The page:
I’m Filipina. That means that, because of cultural inheritance, puns often come out of my mouth or into my writing unexpectedly. Sometimes they’re cheesy, sometimes funny and cool. I don’t know if the title of this blog is cheesy or not, but it works for me, because that’s exactly what this blog is about: writing as a practice, a path, a way of life.
I’ve been writing for as long as I remember. I recall being no more than five or six years old and using my Uncle Art’s onion-skin-like, white bond typing paper to write little stories and draw pictures to go along with them. My stories, I think, described the subtle nuances of eating Cap ‘N’ Crunch cereal and Oreos. I guess I must’ve had the adage, “Write what you know” hard-wired into my brain even at that tender age.
Some of my most poignant memories and transformative moments in life have occurred because of my writing. I remember when I was in seventh grade and Mrs. Delianides (or Mrs. D as we called her), my teacher at Good Shepherd Elementary School in Pacifica, Calif. asked each of us to write an essay about what we thought of the recent bombing of Libya by U.S. fighterplanes. Then some of us would be asked to read our essays afterwards. I had always been a teacher’s pet, and Mrs. D had fallen pretty deeply under my brainiac spell. So of course she asked me to get up and read my essay first.
Now, mind you, the sleepy beach town of Pacifica and Good Shepherd School in particular, despite their proximity to the liberal bastion of San Francisco, were fairly conservative, and a little strange. Just to give you a sense: the funeral mass for Dan White, the man who murdered gay San Francisco Supervisor Harvey Milk, then later committed suicide in his jail cell, was held at Good Shepherd Church.
Back to my essay. I’d read about the bombing in the newspaper (yes, I was a big nerd in seventh grade) and argued with my step-father about it after watching the news. I thought it was a terrible thing, very unjust. So I got up to read my essay, with a prideful flurry bubbling up in my chest at being chosen to read first (being teacher’s pet does that to you), and probably even cleared my throat as I stood in front of my thirty-odd seventh grade classmates. Then I started:
“I think it was wrong for the United States to bomb Libya.” And instead of being welcomed by the hushed, respectful silence that I was so accustomed to during my nerdy essay-readings, I was immediately greeted with more than a few outraged “What!”s and “No way!”s from my more conservative classmates. I was crestfallen, wondering what I had said wrong, and paused for a micro-second to collect myself before continuing. Mrs. D. made everyone hush, of course, but I couldn’t help but thinking when I finished and sat down that this writing thing might actually be something powerful and strange. I found more proof of this when, later, as we exited the room for recess, my classmate Lou came up to me and said, “I thought what you said at first was wrong, but I didn’t know that the planes had killed Qaddafi’s baby. That’s pretty messed up.” Score one for my burgeoning career as a lefty propagandist!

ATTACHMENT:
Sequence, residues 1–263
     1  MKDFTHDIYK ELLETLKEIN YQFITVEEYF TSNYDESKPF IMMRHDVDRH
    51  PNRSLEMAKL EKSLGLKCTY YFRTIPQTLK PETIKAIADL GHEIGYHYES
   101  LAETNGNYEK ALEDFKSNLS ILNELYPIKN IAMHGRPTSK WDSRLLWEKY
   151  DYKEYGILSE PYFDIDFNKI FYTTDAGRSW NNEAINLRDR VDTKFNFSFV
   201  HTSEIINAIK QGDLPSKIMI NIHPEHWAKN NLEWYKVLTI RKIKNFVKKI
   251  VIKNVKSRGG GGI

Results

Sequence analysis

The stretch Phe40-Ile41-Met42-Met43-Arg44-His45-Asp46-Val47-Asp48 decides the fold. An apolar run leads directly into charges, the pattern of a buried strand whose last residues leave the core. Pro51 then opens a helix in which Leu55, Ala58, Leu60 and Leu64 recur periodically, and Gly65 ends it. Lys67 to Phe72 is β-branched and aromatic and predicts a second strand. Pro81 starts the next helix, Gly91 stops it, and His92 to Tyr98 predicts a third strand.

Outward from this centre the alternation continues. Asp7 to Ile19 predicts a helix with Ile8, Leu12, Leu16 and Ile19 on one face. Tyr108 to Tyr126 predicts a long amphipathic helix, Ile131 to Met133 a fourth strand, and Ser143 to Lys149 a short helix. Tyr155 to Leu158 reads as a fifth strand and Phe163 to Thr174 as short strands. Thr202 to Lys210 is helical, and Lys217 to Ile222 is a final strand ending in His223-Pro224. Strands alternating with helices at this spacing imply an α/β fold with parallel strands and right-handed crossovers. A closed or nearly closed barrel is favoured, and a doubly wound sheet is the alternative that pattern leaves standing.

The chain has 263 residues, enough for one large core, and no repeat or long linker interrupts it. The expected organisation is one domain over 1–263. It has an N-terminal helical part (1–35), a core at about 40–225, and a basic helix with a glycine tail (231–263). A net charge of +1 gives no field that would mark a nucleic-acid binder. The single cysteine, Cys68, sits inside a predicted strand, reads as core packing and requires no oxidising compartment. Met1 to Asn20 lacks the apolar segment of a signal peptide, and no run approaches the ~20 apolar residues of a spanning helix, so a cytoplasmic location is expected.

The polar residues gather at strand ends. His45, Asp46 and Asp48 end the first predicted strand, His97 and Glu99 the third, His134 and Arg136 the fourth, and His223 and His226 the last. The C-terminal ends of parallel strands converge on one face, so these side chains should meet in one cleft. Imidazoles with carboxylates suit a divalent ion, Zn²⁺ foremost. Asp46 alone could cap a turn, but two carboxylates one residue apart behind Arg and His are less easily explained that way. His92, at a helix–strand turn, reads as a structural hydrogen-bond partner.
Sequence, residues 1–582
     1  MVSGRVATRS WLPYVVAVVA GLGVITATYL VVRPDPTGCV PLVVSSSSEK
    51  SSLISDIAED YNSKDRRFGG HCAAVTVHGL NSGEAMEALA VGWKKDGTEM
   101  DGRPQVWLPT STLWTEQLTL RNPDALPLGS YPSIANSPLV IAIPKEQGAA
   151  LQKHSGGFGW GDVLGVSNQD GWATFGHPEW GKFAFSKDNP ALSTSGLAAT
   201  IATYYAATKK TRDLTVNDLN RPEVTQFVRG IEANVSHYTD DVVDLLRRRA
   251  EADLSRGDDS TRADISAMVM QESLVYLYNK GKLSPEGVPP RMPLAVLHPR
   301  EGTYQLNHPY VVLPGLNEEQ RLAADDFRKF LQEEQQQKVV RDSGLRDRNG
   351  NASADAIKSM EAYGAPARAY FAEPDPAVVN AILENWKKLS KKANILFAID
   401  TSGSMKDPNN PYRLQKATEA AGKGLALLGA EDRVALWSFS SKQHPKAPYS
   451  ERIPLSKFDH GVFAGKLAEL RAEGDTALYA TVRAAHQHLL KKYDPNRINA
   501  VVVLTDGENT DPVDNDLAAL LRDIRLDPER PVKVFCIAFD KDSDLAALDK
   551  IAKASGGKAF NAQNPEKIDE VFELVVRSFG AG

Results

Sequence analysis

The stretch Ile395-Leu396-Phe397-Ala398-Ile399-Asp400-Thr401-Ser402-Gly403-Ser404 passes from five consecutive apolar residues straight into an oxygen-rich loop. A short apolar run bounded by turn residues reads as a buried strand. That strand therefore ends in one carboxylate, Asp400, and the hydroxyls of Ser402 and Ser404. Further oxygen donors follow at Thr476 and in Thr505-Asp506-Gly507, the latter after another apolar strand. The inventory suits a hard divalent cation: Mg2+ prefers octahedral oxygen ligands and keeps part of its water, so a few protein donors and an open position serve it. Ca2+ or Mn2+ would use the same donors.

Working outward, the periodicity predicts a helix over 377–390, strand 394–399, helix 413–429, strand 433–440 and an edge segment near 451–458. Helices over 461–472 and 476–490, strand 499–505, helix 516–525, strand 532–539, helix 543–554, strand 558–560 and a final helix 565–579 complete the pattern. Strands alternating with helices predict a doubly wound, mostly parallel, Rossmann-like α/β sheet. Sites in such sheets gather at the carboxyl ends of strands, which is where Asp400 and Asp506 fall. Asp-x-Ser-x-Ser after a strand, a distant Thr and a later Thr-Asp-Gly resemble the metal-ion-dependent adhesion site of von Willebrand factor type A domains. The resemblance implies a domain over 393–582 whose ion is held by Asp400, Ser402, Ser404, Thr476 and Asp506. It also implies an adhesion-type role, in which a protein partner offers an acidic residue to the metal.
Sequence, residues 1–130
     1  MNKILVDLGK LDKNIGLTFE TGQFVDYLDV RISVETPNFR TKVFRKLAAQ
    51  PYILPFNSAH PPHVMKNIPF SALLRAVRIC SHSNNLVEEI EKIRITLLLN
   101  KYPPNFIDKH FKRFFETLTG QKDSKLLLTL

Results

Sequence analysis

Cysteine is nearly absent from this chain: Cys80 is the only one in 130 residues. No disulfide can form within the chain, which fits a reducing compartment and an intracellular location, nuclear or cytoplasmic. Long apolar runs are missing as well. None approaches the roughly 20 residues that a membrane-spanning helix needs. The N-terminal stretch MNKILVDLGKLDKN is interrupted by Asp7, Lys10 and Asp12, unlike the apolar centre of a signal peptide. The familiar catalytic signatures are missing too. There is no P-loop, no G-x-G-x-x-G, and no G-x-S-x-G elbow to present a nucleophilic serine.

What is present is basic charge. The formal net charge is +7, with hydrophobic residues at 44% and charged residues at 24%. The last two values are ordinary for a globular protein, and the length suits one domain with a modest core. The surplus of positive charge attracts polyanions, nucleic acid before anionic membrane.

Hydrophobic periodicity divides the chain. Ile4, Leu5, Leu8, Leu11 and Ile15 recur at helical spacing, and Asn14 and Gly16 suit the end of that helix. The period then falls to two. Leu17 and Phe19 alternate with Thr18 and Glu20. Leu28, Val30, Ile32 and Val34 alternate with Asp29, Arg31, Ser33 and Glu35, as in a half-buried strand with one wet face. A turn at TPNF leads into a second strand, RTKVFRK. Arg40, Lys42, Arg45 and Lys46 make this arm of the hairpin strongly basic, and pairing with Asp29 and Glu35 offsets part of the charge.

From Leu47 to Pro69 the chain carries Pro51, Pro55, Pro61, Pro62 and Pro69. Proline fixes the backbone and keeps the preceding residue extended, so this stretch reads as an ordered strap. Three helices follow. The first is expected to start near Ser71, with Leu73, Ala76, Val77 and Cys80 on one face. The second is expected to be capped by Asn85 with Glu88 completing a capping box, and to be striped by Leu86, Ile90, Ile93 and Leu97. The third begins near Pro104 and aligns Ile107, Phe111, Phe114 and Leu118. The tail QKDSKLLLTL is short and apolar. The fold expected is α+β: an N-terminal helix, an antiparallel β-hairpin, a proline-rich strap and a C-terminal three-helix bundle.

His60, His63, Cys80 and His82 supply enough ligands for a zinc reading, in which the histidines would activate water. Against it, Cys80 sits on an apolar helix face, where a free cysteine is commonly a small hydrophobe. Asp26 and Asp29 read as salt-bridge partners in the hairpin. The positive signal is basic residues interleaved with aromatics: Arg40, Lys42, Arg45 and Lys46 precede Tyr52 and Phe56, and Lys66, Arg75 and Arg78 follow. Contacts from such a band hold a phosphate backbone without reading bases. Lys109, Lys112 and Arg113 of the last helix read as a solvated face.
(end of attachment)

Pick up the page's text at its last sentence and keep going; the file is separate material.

Since then, and in recent years, writing has gotten both more difficult and easier for me. I have written for a living in many ways as a fundraiser–writing grant proposals and reports, direct mail appeals, newsletter articles, web site copy. But the writing I’m most interested in doing, and doing well, is very different, and often more difficult: short stories, creative nonfiction articles, books and essays that can once again prove to me (and hopefully others) that the pen IS mightier than the sword.
So I’ll be posting my musings on the events, people, practices and challenges I encounter on this often lonely, sometimes joyous, and always surprising path I’ve chosen: to be(come) a writer, and to write my way through life. My hope is to uncover some Truths along the way, and to share them with you, and anyone else who’ll listen. Welcome.